Koons Automotive Organization DESCRIPTION: An auto sales empire that includes the largest Ford dealership in the world and 12 other locations. FOUNDED: 1964 TOP EXECUTIVE: James E. Koons, president DEVELOPMENTS: The Seven Corners Ford dealership has annual sales estimated at more than $35 million and for more than 15 years has been the No. 1 dealership for Ford Motor Co. But within the Koons empire, the Ford store is rivaled by JKJ Chevrolet, which sold more Chevies than Seven Corners sold Fords. A company spokesman said 1982 was a record-setting year for the family-owned firm, whose holdings stretch as far as Hollywood, Fla. Koons sells such abroad range of autos that when Giant Food Inc. decided to give away 100 domestic cars from every manufacturer, it was able to order them all from Koons. Chevy, Ford, Pontiac, Oldsmobile, Chrysler, AMC, Renault, Toyota, Honda dealerships were joined by the newest--an Annapolis Porsche and Audi outlet. Each is operated as an independent entity and there are also leasing and distribution businesses. Mars Inc. DESCRIPTION: A worldwide food-processing empire consisting of autonomous divisions reporting to headquarters in McLean. Mars is one of the largest privately held firms in the United States, with heirs of founder Frank Mars controlling almost all of the stock. Mars produces M&Ms, Milky Way and Snickers candy, Kal Kan pet food, Uncle Ben's rice and other food products. The company has 15 manufacturing plants in the United States and 26 more abroad, mostly in Western Europe and Australia. FOUNDED: 1920 TOP EXECUTIVES: Forrest E. Mars Jr. and John F. Mars, grandsons of the founder, share the title of president. Along with their sister, Jacqueline Mars Badger, they are the only members of the board of directors. DEVELOPMENTS: Mars releases no information on revenues or profits. With estimated worldwide sales of at least $3 billion last year, Mars is a giant of the food-processing industry, larger than Pillsbury, H. J. Heinz and Quaker Oats and more than twice the size of its arch rival, Hershey Foods. The company has about 5,000 workers in its U.S. plants and an estimated total of 15,000 to 20,000 worldwide. The exact number is not known because most Mars operations are nonunion, reflecting a company-wide tradition of paternalism in labor relations. The heads of individual divisions are said by food industry experts to be under strict requirements to achieve a return on investment of at least 13.5 percent a year; failure to do so results in a reduction of their own compensation. Through aggressive pricing policies and heavy advertising, Mars products have achieved a dominant position in the U.S. candy market, boosting their share of the industry's $5 billion annual sales to an estimated 40 percent, mostly at the expense of Hershey. Howard L. Walker, head of the candy division, said in an unprecedented interview with The Washington Post in 1981 that the company planned to expand its market further by moving into snack foods other than candy, and by emphasizing the nutritional value of what it calls "Now Foods." Advertising Age magazine estimates that Mars spent $83.7 million on U.S. advertising in 1980, making it the 58th largest advertiser. In one of its rare marketing mistakes, Mars refused to allow its M&Ms candies to be used in the popular movie "E.T. The Extraterrestrial." The moviemakers instead used Hershey Foods' Reese's Pieces, giving that product a big boost in its competition with M&Ms. Oliver T. Carr Co. DESCRIPTION: One of the largest and oldest development firms in the Washington area. FOUNDED: 1910 TOP EXECUTIVES: Oliver T. Carr, president; Robert Carr, vice president of development; Richard Carr, vice president of acquisition DEVELOPMENTS: The Oliver T. Carr Co. completed two major projects last year--1825 I St. NW, the final phase of its vast International Square development fronting on K Street between 18th and 19th streets NW and 2121 K St. NW, an office-retail project. Nearing completion now is the first phase of Metropolitan Square, a 386,000-square foot office and retail project opposite the U.S. Treasury. Also underway are 1255 23rd St. NW, a 270,000-square-foot mixed-use project in the West End neighborhood, where Carr has been the major developer. Also under construction are the Clark Building, a 270,000-square-foot office building in Bethesda and King Street Station, a 132,000-square-foot project in Alexandria. Next on the Carr company schedule are the $211 million, 3.7-acre Metro Center project downtown that will have offices and stores including a new flagship for The Hecht Co., and the renovation of the Willard Hotel on Pennsylvania Avenue NW.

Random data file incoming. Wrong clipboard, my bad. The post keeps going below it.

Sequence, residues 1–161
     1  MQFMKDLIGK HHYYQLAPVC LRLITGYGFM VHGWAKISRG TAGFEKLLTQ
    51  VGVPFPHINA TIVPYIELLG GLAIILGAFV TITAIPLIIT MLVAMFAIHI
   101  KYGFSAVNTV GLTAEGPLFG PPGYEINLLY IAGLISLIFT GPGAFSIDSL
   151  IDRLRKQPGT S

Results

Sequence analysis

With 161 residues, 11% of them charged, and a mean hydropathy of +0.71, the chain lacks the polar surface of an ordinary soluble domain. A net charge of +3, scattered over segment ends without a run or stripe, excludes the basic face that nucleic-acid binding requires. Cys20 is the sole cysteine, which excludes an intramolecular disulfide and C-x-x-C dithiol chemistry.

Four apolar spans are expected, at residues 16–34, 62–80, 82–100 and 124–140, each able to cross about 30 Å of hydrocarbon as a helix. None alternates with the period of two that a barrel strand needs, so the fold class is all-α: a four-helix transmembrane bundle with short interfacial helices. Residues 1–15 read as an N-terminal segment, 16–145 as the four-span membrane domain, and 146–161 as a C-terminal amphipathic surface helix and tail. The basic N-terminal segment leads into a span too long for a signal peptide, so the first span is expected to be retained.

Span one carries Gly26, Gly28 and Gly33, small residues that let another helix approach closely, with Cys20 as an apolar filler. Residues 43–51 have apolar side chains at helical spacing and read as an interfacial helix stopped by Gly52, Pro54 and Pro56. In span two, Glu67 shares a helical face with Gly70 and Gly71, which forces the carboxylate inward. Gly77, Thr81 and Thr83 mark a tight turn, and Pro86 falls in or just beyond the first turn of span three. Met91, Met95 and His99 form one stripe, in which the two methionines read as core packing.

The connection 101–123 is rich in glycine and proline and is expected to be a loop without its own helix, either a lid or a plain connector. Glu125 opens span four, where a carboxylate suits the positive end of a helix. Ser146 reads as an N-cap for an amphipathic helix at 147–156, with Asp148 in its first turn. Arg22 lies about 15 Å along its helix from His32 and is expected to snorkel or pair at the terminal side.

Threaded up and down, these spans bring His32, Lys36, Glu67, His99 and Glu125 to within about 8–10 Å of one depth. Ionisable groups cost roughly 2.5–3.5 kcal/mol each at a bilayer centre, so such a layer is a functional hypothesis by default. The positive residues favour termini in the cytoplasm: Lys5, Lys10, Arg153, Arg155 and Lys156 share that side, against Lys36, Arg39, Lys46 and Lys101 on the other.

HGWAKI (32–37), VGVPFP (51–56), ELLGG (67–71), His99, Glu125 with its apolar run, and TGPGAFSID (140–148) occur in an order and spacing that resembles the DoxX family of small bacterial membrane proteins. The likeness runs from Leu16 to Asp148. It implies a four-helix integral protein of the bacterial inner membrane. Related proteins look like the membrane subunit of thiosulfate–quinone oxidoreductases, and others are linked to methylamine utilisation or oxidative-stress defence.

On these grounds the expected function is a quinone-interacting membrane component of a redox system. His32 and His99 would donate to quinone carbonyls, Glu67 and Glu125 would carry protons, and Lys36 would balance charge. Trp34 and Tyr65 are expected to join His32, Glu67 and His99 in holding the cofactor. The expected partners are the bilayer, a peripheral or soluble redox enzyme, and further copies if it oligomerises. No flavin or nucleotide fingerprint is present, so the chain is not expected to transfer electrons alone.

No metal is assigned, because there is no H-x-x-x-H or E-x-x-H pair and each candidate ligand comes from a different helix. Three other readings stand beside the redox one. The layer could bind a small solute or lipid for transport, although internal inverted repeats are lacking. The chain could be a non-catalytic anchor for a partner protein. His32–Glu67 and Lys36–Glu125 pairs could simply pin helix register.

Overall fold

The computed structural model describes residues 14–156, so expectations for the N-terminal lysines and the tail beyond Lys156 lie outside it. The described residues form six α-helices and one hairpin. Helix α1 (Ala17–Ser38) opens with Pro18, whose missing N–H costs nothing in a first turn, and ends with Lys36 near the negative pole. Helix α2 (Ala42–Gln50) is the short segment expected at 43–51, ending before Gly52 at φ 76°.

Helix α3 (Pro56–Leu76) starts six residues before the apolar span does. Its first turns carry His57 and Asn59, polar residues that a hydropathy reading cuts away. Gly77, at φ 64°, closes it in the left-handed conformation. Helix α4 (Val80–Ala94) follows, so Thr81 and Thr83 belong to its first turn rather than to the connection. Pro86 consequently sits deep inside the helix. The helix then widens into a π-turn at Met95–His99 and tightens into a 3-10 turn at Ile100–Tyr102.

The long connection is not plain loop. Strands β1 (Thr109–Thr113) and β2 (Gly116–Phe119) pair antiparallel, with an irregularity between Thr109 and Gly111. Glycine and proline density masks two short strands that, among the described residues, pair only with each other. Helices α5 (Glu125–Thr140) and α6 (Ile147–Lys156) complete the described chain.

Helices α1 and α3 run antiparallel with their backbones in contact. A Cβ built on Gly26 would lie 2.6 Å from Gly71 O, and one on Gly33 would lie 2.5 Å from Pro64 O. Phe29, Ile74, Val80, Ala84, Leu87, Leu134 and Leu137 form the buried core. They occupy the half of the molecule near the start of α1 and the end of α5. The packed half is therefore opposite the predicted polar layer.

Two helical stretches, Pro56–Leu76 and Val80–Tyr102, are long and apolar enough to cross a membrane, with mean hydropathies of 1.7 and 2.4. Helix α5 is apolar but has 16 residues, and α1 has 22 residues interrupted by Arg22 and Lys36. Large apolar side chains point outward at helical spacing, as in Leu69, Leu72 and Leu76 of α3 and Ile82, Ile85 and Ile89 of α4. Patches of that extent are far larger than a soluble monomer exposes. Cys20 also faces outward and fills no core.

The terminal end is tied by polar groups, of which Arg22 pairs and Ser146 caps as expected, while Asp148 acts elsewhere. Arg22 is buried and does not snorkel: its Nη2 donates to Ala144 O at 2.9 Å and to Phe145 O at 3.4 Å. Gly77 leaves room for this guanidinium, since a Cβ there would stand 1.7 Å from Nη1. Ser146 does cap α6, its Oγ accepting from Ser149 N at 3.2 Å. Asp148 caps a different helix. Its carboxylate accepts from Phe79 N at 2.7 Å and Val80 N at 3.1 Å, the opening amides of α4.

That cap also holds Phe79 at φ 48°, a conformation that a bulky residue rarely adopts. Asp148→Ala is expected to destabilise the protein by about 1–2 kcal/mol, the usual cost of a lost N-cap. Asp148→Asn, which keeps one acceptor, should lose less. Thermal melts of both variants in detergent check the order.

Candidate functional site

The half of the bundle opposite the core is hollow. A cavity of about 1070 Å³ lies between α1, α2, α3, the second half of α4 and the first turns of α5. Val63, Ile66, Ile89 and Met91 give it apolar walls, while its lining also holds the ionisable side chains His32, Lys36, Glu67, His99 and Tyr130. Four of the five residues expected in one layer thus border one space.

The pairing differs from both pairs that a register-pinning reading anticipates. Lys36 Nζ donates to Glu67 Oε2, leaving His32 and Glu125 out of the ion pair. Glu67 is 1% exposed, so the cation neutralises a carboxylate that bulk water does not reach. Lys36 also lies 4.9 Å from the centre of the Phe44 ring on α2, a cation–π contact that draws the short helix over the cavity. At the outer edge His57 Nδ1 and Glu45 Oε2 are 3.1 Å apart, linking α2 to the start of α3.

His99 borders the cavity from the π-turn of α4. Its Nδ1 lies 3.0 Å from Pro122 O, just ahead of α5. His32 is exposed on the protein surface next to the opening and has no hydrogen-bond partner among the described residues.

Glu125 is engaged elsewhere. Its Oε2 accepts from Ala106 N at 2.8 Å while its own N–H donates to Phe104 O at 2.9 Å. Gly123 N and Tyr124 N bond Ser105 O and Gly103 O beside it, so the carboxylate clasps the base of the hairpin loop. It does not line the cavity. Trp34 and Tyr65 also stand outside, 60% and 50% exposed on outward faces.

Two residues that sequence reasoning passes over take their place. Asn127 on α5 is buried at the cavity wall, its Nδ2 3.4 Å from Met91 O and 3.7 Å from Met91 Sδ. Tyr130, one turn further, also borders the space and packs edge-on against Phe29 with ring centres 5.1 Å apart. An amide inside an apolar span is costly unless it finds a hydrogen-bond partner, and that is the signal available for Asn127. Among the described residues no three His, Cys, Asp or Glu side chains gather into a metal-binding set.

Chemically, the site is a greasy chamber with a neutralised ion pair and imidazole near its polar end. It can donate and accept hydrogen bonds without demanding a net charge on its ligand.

Ourisman Enterprises DESCRIPTION: Chevrolet, Dodge and two Ford dealerships FOUNDED 1921 TOP EXECUTIVE: Mandell Ourisman, chairman; John Ourisman, president DEVELOPMENTS: Ourisman delivered 11,701 cars in 1982, a major gain in what was nationally the worst domestic auto-sales year in two decades. The company opended an Aexandria Ford dealership a year ago, when Ford sales were bottoming out, and John Ourisman says he expects an overall increase in Ford sales this year. Mandell Ourisman, whose business interests extend far beyond the auto business, says he will continue to expand by purchasing dealerships and might even consider dropping his unusual all-domestic strategy to open an import store.